Why was Satan allowed back into heaven at a certain point?


Now before you get after me about this, I’ve been wondering about Job 1:6

I thought he was kicked out of heaven for good?

*Now there was a day when the sons of God came to present themselves before the LORD, and Satan came also among them. *

Again there was a day when the sons of God came to present themselves before the LORD, and Satan came also among them to present himself before the LORD - Job 2:1

Why would the Lord God allow him back in; to view AND participate in the testing of Job. Of ALL the people on earth at that time in history, why was there to be a ‘supposed’ celestial TEST of the human spirit then? Or ‘bet’ as one would deem it?

This always perplexed me.

‘Who’ was writing down the conversation going on between The Lord, Job, and Satan? Well, more in particulate - between God and Satan.

From my understanding, the ‘war in heaven’, occurred before man had arrived on earth. Some people say that the angels didn’t have free will as with humans, but I tend to disagree. For 1/3 of the angels CHOSE to side with Lucifer - thus ending with their downfall and demise.

I’ve talked with a lot of philosophical groups on the subject, and many of us came to the general consensus that, had God totally destroyed Satan during the war of heaven, He (God) would have been deemed as the ultimate bully of the universe. And what would that action convey to the rest of the angels in His service? Ergo…God let him remain ‘as is’ - as a ‘perpetual reminder (in the state that he was)’ to what ‘not to do’ from that point on.

As the saying goes, “One day with God is but a thousand years in humanity.” “His thoughts are NOT our thoughts.” I tend to believe that; knowing that my own questioning will have very little bearing on what he will do for us - our plan for us.

I love the Lord with all my heart, and yet, I’m curious as to why we pray the Lord’s Prayer. “…lead us not into temptation, but deliver us from evil.”


“Look at my servant Job, he follows my words/commandments/etc, there can be no wrong with him.”

Satan interjects in the council of heaven:“Ah…but you have given him everything. What if he was denied this and that, would he still praise you?”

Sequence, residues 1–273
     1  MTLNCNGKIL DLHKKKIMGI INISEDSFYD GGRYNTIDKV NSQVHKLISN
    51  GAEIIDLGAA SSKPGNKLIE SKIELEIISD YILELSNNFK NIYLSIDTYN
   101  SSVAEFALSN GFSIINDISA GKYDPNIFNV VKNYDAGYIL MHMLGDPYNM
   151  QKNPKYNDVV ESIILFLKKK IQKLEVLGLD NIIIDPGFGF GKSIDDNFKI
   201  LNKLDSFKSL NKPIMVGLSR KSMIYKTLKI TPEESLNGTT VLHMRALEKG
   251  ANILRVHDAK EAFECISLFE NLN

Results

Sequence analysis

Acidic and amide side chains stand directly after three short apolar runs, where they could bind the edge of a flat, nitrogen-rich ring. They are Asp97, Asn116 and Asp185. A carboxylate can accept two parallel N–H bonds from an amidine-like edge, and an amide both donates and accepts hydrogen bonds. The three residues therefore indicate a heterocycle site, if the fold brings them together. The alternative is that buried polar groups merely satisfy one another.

Then God allowed Satan to take certain things away from Job.


The angels did have free will; but, it operates differently than human free will. Due to their nature and their presence before God, they had the opportunity, with free will, to choose for or against God. Having made their choice, their ability to ‘change their mind’ is different than humans’ – they will never have any better opportunity to apprehend God or see things in a more accurate light – and therefore, they will not ever change their mind. Their choice holds for all time.

I’ve talked with a lot of philosophical groups on the subject, and many of us came to the general consensus that, had God totally destroyed Satan during the war of heaven, He (God) would have been deemed as the ultimate bully of the universe.

More to the point, God doesn’t destroy eternal souls that He has created.

Why would the Lord God allow him back in; to view AND participate in the testing of Job.

The author of Job presents the heavenly encounter in the guise of a royal court in the Oriental/Semitic style. In this context, God is the King on His throne, and He is receiving supplicants in audience. Therefore, we don’t see Satan “allowed back into heaven”, per se; we see him speaking to God as a subject to his King.


First of all, Satan is pure spirit. I’m sure, whether he was let back into Heaven or not, God has the ability to talk to Satan if He so chooses. That’s the easy answer.